BGR INDEX2023 Expedition

R/V Sonne September 29 – November 20, 2023

From September 29 – November 20, 2023, 6 CSSF team members supported the INDEX2023 ship expedition of the Germany’s Bundesanstalt für Geowissenschaften und Rohstoffe (BGR; Federal Institute for Geosciences and Natural Resources) in the Central Indian Ocean. The focus of this mission to conduct geological and environmental investigations in an area licensed under the regulation of the International Seabed Authority (ISA) for the exploration of polymetallic massive sulfides as part of the ongoing INDEX project. Participants included scientists and professionals from the University of Hamburg, Hafen City University Hamburg, Laurentian University, Christian-Albrechts University (CAU) Kiel, the Scottish Association for Marine Science, Integrated Environmental Solutions (INES) and the BGR.

The expedition had 2 legs: the first mainly focused on geophysical exploration work (e.g., electromagnetic, seismic studies), and the second centered on the deployments of ROPOS to explore massive sulfides in the deep. For the work that did not require the use of an ROV, the BGR and associated scientists performed: 1) bathymetric mapping (using the multi-sensor sled HOMESIDE), 2) sediment collection (with a gravity corer), 3) environmental baseline studies (including the investigation of particle flux and water chemistry using sediment trap moorings and CTD casts) and 3) investigations of near-bottom megafauna communities (using baited fish camera moorings). The major goal of the ROPOS dives were: 1) the geological and biological mapping of hydrothermal vent sites and neighbouring areas, 2) photogrammetric (3D) mapping of hydrothermal mounds, 3) the sampling of geological seafloor surface samples and vent/non-vent faunal communities, as well as of hydrothermal fluids and 4) drilling to obtain samples from massive sulfide and hard rock outcrops.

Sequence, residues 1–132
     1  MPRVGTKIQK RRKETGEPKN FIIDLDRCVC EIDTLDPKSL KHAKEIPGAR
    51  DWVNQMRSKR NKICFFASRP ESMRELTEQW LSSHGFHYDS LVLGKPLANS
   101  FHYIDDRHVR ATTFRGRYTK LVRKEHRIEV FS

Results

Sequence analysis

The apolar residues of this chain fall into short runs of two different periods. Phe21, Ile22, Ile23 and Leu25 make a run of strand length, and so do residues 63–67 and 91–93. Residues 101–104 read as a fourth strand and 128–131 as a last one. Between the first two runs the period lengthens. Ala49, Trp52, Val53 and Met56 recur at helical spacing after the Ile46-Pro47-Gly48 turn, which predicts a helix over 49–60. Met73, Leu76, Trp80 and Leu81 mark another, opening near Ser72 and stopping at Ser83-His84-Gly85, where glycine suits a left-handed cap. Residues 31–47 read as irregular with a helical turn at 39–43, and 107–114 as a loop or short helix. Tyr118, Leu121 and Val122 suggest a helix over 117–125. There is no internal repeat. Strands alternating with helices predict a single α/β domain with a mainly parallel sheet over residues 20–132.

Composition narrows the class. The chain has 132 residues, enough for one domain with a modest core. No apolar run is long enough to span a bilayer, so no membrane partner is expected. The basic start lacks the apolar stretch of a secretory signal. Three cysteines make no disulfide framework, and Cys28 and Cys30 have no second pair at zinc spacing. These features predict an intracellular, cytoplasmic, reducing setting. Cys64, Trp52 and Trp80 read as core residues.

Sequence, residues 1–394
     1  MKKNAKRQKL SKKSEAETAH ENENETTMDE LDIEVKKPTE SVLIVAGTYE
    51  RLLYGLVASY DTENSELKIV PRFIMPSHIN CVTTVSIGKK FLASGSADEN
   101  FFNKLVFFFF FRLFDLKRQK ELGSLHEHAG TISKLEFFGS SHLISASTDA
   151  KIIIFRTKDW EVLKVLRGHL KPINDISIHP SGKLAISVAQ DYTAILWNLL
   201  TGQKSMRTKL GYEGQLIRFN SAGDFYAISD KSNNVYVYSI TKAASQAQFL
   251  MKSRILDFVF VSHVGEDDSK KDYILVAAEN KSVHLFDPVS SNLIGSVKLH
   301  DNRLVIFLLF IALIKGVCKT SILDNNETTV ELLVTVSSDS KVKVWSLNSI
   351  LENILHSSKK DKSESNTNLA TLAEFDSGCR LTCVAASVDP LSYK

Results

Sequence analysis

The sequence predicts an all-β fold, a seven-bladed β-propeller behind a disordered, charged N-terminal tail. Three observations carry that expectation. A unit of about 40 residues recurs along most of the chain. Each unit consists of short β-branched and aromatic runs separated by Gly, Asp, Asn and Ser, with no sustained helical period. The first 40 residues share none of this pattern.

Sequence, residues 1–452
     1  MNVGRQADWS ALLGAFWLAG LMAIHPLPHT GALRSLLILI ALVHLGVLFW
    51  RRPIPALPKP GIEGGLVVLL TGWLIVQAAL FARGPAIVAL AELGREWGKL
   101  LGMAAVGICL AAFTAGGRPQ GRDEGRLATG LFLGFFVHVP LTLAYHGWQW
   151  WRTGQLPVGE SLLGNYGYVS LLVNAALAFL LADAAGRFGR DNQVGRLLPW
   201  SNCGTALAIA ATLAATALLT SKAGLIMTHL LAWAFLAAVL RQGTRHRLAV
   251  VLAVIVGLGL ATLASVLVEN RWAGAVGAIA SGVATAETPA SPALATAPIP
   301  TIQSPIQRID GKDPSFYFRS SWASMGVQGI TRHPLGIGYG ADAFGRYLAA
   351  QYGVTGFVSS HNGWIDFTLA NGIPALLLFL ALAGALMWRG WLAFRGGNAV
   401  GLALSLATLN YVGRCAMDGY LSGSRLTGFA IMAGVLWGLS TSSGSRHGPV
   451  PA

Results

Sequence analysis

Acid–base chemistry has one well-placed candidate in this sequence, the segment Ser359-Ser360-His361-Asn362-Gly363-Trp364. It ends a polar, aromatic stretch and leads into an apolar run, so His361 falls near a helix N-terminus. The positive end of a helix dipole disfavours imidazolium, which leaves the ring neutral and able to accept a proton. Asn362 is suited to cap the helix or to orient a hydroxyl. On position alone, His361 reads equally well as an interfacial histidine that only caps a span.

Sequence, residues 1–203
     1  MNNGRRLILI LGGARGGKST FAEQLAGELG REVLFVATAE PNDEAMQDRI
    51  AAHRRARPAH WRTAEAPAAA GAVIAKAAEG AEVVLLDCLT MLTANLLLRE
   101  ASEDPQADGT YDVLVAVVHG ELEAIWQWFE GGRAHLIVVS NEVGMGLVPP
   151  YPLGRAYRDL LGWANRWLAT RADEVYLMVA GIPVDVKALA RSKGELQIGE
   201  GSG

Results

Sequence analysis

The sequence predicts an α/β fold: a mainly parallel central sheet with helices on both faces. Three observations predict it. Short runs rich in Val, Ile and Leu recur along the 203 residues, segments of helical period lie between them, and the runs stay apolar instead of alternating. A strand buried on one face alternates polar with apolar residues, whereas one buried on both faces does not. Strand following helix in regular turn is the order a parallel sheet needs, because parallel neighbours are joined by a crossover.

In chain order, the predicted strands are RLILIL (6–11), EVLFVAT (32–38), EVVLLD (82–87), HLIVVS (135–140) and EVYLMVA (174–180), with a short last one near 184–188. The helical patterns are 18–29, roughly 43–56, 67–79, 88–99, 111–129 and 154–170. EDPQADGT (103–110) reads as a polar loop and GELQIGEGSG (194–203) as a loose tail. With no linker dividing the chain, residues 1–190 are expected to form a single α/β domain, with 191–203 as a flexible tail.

During the first part of Leg 2, ROPOS was operated in normal science mode, to allow for scientific sampling, seafloor surveying and data collection. We facilitated: the recovery of 2 colonization experiments (from active and inactive vent fields that were placed the previous year) and 3 incubation experiments (installed 4 years ago), and collected a total of 2142 biological samples (using ROPOS’ manipulator arms, suction sampler as well numerous push core sediments), 27 high-temperature vent fluids (with the ROV-based KIPS sampling system) and 120 host-rock and sulfide samples (via grabs). Furthermore, we collected more than 146 hours of video imagery and 15 603 still photos, as well as multiple seawater samples near the seafloor and at different depths in the water column (with ROPOS’ mounted Niskin bottles) to be used by our Science Team for subsequent metabarcoding and eDNA studies.

A highlight for us was conducting surveys using our Autonomous Temperature Acquisition Probe (ATAP) that Keith Tamburri, our Operations Manager, developed in 2020. The ATAP is equipped with 6 thermistors and designed to measure temperature in sediments to a depth of 60 cm below the seafloor. It is capable of real-time data acquisition and internal logging, is battery-powered and sits on the side of ROPOS in a holster. A pair of optical modems allows us to communicate with it in the water at depth and at a shorter distance in air. A key advantage of the ATAP is that it can be left in situ while ROPOS completes other tasks, which saves valuable time. On this mission, we took repeated measurements with the ATAP to determine the difference in temperature across each hydrothermal mound of interest.